One hundred years after Norwegian explorer Roald Amundsen sailed from Kristiania, now Oslo, Norway in wooden ship Maud with the hopes of reaching the North Pole, Roald Amundsen’s Maud has returned to Norway, its country of origin.
Maud was raised from the seabed in Cambridge Bay, Canada, over the summer of 2016 by the Maud Returns Home project. You can follow the Maud Return Home Project on Facebook:
Queen Maud of Norway
Named for Queen Maud of Norway, she was built for Amundsen’s second expedition to the Arctic and launched in June 1916. In the summer of 1918, Amundsen departed Norway. Maud spent several years in the Arctic ice without reaching the North Pole. Running into financial troubles, he left the expedition and sold the vessel to the Hudson Bay Company in 1920, where it was used it as a floating warehouse and a wireless radio station before she sank on her mooring in 1931.
Related: Welcome Back to Norway, Maud
Partially above water, Maud was a longtime local landmark and tourist attraction. A seven-foot high structure made of rocks called a cairn now takes its place on the shore.
Amundsen was the first expedition leader to sail the Northwest Passage and the first person to reach the South Pole.
Maud Returns Home Initiative
In 2016 the Maud was rescued from the shallow coastal waters of Cambridge Bay, Nunavut, by a team of four Norwegians who launched the ‘Maud Returns Home’ initiative. They began their quest to recover the ship six years prior.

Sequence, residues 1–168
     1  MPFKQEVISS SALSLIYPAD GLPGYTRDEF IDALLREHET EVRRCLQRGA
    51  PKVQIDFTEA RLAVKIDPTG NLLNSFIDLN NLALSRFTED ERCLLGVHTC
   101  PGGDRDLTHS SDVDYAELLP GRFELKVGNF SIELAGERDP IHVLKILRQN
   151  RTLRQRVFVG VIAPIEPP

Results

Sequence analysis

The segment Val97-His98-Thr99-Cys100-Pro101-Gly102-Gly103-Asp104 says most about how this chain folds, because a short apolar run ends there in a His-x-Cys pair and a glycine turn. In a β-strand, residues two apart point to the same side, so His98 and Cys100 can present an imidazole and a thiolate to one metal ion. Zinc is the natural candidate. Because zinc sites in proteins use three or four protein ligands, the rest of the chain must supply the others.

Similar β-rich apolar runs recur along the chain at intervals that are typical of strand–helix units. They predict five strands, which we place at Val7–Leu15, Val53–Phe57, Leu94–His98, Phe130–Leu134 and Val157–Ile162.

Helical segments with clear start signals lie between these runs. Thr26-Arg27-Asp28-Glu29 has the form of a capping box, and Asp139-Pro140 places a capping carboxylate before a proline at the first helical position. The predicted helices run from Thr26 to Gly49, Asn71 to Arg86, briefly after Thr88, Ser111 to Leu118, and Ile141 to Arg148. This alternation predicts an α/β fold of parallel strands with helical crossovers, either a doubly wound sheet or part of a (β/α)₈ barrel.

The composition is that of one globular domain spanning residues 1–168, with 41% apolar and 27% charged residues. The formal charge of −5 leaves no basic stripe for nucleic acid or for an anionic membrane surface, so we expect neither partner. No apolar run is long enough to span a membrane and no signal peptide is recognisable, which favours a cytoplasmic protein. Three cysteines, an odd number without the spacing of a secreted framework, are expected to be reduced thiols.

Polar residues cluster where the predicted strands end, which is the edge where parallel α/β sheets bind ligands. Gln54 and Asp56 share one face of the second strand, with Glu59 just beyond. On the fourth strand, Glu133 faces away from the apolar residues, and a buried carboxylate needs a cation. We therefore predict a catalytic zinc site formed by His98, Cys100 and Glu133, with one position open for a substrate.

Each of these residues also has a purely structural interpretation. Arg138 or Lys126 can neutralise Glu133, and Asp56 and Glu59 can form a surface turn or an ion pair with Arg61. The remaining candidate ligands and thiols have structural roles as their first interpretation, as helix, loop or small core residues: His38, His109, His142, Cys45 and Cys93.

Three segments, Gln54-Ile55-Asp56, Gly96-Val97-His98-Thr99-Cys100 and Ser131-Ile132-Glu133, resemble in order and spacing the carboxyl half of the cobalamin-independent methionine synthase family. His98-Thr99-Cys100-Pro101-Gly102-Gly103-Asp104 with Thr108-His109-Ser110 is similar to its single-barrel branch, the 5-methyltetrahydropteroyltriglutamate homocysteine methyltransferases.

Before leaving Cambridge Bay, the team was honored by a visit from The Mayor of Asker Municipality, Lene Conradi. She also met mayor of Cambridge Bay, Jeannie Ehaloak, and they were both taken on a tour on Maud before a memorable get together where they both praised the efforts with finally should bringing old Maud back home to Norway.
On the morning of 29th August 2017, Maud was pulled slowly out of the Maud Bay approximately 90 years after her arrival.
Preparing for a new departure from Greenland
3rd of May 2018, the crew prepared for a new departure from Greenland early June to return to Vollen near Asker in Norway where the ship was built in 1917 by Christian Jensen. Up to the time of departure the crew emptied Maud from materials and dirt to make her as light as possible. The result was four full containers on the shore that was sent by cargo ship to Norway.
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Roald Amundsen’s Maud has Returned to Norway
“It brings joy to our hearts to see Maud, still proud after all these years, see her old homeland once again.” said Jan Wangaard, who led the Maud Returns Home project. “We can hardly think of a better way of honoring Roald Amundsen and his great ship,” he added.
Maud arrived at Vollen in Asker on 18th August 2018.
Amundsen’s other polar vessels Gjoa and Fram are on display at the Norwegian Maritime Museum in Oslo. Wangaard hopes Maud will be displayed in a new museum at Vollen, the port where she was built.
Roald Amundsen’s Maud Returns to Norway, written by Tor Kjolberg